The EpiPen, a spring-loaded device full epinephrine, of has entered the pantheon of modern pharmaceutical chicanery of late after its maker raised its price to $600 a unit. Now, however, you can make your own EpiPencil for about $30.
The EpiPencil is a project by the Four Thieves Vinegar Collective, a group of pharma hackers who are trying to loosen medicine from its arguably necessary commercial restraints. One of the project’s leaders, Dr. Michael Laufer, created a how-to video describing how to make and load the pencil with epinephrine.
“If your child is having a life-threatening allergic reaction, you want to make sure they get the right medicine, at the right time, at the right dose,” she said. “An EpiPen will give you what you need, she says, “but you can’t guarantee that with this other device.”
Hacking pharmaceuticals is a very dangerous game. But if we run major electrical and transportation systems on “home-grown” Linux why can’t we experiment with simple tools like the Epipen? Given that it’s basically an injection system that can be easily re-engineered in multiple ways there must be a way to re-engineer it to make it cheaper and easier to acquire. Pharmaceutical companies obviously have dueling missions, first the Hippocratic injunction to do no harm and second the impetus to raise money to further research. While many see Big Pharma as rapacious a greater number have been saved by its products. On the other hand we have philosophy of free knowledge and this is one of the most dramatic examples of that principle. While not many folks will follow Laufer’s instructions to hack the system, it’s nice to know the plans are available and out there and someone is thinking about alternatives.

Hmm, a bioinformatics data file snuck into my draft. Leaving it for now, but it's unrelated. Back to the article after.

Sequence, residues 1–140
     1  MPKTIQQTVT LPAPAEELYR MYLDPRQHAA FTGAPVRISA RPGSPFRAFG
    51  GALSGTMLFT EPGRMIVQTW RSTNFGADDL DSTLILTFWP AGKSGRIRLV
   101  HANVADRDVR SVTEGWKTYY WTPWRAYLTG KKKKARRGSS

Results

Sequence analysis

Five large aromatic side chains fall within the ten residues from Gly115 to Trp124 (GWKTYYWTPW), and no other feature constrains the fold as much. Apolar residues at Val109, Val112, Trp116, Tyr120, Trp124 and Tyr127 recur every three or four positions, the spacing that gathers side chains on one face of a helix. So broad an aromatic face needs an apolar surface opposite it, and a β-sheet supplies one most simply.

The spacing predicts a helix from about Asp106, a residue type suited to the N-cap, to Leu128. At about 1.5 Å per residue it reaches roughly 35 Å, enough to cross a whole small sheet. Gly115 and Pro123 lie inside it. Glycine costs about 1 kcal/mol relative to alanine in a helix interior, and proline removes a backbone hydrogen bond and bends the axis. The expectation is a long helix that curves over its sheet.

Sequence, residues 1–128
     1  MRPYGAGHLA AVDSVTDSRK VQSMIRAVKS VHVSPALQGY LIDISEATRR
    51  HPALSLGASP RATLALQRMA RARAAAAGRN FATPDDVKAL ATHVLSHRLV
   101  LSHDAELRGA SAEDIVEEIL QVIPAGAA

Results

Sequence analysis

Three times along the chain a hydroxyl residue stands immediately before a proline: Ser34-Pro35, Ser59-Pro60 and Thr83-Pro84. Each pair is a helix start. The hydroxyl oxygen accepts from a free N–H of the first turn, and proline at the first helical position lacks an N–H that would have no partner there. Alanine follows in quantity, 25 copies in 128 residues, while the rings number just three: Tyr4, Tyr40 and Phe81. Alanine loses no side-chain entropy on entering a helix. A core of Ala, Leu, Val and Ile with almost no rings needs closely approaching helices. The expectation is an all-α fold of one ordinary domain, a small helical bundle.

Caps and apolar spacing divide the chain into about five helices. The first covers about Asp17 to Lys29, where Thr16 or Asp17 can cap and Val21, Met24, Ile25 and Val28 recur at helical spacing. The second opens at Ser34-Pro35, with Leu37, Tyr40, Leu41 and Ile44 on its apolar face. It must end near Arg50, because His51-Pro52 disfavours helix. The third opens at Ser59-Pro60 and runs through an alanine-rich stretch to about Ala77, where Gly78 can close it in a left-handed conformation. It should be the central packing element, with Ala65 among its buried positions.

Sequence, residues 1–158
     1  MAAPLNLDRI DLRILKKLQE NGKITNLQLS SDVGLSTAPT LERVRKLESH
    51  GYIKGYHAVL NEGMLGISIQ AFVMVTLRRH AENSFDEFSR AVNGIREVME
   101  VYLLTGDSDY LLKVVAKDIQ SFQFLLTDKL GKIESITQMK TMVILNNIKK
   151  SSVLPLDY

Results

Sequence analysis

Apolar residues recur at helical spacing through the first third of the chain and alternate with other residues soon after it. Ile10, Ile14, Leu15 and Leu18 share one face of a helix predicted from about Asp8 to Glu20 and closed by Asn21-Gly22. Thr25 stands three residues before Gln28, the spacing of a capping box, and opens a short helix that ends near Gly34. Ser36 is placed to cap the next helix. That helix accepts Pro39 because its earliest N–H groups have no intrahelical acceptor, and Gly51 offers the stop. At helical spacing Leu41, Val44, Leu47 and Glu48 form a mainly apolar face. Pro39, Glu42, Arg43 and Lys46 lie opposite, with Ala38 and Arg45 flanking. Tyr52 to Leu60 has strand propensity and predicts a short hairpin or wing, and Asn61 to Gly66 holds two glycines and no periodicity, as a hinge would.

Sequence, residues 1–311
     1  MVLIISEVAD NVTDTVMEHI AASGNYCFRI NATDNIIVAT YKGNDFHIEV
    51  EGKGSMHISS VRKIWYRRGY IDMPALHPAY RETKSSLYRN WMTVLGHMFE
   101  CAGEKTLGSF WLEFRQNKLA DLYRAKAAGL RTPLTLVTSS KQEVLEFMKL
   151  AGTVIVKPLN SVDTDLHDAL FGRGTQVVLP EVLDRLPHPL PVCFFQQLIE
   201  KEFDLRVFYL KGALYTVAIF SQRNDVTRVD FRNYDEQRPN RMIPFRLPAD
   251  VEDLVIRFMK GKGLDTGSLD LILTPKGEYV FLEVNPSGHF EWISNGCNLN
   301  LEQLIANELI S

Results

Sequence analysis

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*This is _not_ an equivalent to a commercial epinephrine auto-injector.*
Point 1: Epinephrine solution _cannot be drawn up manually into a syringe and left for use at an indefinite future date._ Nursing team advice recommends discarding manually pre-loaded syringes within 12-24 hours.
Point 2: The Autoinject 2 used in the instructions is made to _inject at a different depth_ than the epinephrine injectors (subcutaneous vs intramuscular). This will change the effect of the medication administered.
And finally, Point 3 (which was a red flag to me): _”Doctor” Michael Laufer is not an MD._ His PhD is in mathematics. He says as much on the site where the “Epipencil” instructions are hosted (fourthievesvinegar.org/faq) and admits it freely on Twitter as well. _*He does not have the health care experience to advise use of this device._*
Plus, I think the main reason it’s not a good idea to “experiment with simple tools like the Epipen” is that there’s a pretty good chance it will make someone sick (due to the issue of not being able to keep the needle and solution sterile) and a not-insignificant chance that it could kill someone (due to their trying to use it to stop an anaphylactic reaction and it possibly not working). Medication delivery systems to be used in a crisis are not good places for homebrew 🙁